The Problem of Consciousness, Part I

Sometimes philosophy begins by asking what seems to be a dumb question, that is, by questioning what seems so obvious that it has never been questioned. For example: “Why is the sky dark at night?” Isn’t the obvious answer that the sky is dark after sunset? No, as has been realized during the last century, the light from all the billions of stars in the universe does not fade away; it just bounces around. That’s because of the law of the conservation of energy: energy can be neither created nor d … [Read more...]

On the Soul and the Elements, or, Farewell to the Tripartite Anthropology, Part I

“Tripartite Anthropology” is a standard, although pompous, name for the concept held by the pre-Socratic philosophers 2500 years ago (and no doubt by people  long before then) that humans consist of body, soul, and spirit. Using those terms now is as inadequate for our times as using Empedocles’ four-element model would be for doing chemistry. We do have a physical body, obviously. The problem is with the other two terms. People now use the terms “soul” and “spirit” more or less interchangeab … [Read more...]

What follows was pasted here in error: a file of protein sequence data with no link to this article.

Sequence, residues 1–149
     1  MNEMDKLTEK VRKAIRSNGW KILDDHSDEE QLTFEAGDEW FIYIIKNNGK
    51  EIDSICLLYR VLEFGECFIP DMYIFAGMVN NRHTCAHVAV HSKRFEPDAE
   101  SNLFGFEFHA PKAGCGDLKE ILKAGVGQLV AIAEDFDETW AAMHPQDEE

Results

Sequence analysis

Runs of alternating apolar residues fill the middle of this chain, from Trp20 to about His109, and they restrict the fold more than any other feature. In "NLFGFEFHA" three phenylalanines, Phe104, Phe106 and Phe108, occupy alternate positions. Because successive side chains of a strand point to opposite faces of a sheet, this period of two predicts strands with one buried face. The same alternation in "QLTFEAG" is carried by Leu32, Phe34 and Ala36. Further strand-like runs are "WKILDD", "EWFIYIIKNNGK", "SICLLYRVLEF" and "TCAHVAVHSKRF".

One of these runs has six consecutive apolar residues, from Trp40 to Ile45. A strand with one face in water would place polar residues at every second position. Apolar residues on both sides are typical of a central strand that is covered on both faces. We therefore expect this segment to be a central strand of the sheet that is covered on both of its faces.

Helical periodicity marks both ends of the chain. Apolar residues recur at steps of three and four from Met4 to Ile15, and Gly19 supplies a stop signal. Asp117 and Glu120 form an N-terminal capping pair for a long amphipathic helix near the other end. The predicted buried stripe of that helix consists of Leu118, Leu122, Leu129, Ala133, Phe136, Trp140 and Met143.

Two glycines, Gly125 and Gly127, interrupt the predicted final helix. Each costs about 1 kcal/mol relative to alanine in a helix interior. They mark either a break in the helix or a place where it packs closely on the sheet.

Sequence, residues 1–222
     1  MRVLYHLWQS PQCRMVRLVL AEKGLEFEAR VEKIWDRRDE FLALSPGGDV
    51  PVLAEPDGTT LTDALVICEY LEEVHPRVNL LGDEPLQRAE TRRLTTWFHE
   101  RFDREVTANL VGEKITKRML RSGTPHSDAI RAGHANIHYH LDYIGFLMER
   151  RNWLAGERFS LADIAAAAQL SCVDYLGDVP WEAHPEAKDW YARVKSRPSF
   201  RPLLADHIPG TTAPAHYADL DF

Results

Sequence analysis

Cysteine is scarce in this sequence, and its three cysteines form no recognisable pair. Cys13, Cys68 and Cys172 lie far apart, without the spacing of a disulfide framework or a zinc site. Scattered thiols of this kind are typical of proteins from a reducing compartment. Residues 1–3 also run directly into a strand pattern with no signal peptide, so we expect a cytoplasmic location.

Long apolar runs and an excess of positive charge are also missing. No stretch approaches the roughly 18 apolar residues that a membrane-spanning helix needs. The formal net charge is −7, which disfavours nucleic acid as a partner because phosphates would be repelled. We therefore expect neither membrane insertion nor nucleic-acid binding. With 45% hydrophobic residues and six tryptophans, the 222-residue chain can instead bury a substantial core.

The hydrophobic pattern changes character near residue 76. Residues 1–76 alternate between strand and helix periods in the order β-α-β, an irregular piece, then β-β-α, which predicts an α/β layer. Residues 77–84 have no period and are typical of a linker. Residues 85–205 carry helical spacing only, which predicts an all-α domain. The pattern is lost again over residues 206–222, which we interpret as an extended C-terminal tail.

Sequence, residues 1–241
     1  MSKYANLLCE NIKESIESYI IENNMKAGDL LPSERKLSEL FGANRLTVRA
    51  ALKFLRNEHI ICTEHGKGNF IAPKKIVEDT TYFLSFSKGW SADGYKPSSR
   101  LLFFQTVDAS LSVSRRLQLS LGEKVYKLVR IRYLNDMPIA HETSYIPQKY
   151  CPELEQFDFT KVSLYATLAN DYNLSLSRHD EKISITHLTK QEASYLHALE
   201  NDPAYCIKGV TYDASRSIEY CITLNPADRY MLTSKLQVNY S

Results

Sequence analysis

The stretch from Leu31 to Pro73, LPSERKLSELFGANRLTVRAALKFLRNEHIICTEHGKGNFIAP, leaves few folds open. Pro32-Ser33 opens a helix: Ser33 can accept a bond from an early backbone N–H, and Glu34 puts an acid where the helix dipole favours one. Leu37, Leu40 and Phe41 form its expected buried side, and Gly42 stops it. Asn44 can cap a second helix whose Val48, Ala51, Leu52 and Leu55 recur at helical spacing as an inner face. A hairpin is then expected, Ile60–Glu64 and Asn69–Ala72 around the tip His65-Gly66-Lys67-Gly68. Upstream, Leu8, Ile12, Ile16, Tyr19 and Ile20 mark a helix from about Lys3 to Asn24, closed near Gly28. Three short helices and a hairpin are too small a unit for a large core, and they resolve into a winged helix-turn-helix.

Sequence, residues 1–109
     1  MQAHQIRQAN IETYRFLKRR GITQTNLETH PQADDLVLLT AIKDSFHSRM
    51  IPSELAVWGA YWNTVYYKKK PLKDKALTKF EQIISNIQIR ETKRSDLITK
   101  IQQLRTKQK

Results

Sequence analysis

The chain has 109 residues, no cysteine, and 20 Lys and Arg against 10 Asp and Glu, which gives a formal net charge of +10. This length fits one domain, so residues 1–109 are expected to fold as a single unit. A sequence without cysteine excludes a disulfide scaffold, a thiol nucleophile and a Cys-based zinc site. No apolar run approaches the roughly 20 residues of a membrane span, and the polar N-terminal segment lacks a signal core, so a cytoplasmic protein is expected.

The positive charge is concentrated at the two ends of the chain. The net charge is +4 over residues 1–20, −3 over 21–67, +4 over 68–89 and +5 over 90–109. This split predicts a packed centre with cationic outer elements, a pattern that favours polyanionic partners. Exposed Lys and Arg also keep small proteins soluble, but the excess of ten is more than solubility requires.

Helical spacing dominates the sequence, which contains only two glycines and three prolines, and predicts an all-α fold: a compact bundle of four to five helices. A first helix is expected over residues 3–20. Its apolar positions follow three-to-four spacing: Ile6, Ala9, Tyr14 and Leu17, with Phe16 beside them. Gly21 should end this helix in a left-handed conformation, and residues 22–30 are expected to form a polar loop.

Pagan Theology: The Problem of Anything

I have been arguing with myself about posting about the matters herein discussed. I am sure many readers will ask, “What in the world does any of this have to do with Paganism?” Since my overall agenda is to argue that current Paganism is just as genuine a religion as any other, I need to demonstrate that a Pagan theology can provide adequate answers to the fundamental questions that any mature religion must be able to answer. Perhaps many people will find the content of this and subsequent blo … [Read more...]


CLOSE | X

HIDE | X